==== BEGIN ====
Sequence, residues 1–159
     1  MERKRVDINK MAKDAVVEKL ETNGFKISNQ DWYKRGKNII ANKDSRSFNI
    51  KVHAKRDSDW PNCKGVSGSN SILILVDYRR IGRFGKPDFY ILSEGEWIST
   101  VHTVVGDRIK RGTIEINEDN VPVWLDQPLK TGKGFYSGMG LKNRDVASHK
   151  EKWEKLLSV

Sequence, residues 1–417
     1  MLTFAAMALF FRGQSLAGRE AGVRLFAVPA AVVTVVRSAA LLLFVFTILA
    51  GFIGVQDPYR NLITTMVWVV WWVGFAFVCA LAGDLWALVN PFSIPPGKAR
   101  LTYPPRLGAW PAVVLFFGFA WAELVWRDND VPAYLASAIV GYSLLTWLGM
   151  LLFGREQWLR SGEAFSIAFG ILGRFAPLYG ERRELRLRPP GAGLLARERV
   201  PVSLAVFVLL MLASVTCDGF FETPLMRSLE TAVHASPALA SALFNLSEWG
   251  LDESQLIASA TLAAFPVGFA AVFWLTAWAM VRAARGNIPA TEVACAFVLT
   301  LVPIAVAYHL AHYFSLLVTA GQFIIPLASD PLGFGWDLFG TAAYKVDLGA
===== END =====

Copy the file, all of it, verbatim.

Sequence, residues 1–159
     1  MERKRVDINK MAKDAVVEKL ETNGFKISNQ DWYKRGKNII ANKDSRSFNI
    51  KVHAKRDSDW PNCKGVSGSN SILILVDYRR IGRFGKPDFY ILSEGEWIST
   101  VHTVVGDRIK RGTIEINEDN VPVWLDQPLK TGKGFYSGMG LKNRDVASHK
   151  EKWEKLLSV

Sequence, residues 1–417
     1  MLTFAAMALF FRGQSLAGRE AGVRLFAVPA AVVTVVRSAA LLLFVFTILA
    51  GFIGVQDPYR NLITTMVWVV WWVGFAFVCA LAGDLWALVN PFSIPPGKAR
   101  LTYPPRLGAW PAVVLFFGFA WAELVWRDND VPAYLASAIV GYSLLTWLGM
   151  LLFGREQWLR SGEAFSIAFG ILGRFAPLYG ERRELRLRPP GAGLLARERV
   201  PVSLAVFVLL MLASVTCDGF FETPLMRSLE TAVHASPALA SALFNLSEWG
   251  LDESQLIASA TLAAFPVGFA AVFWLTAWAM VRAARGNIPA TEVACAFVLT
   301  LVPIAVAYHL AHYFSLLVTA GQFIIPLASD PLGFGWDLFG TAAYKVDLGA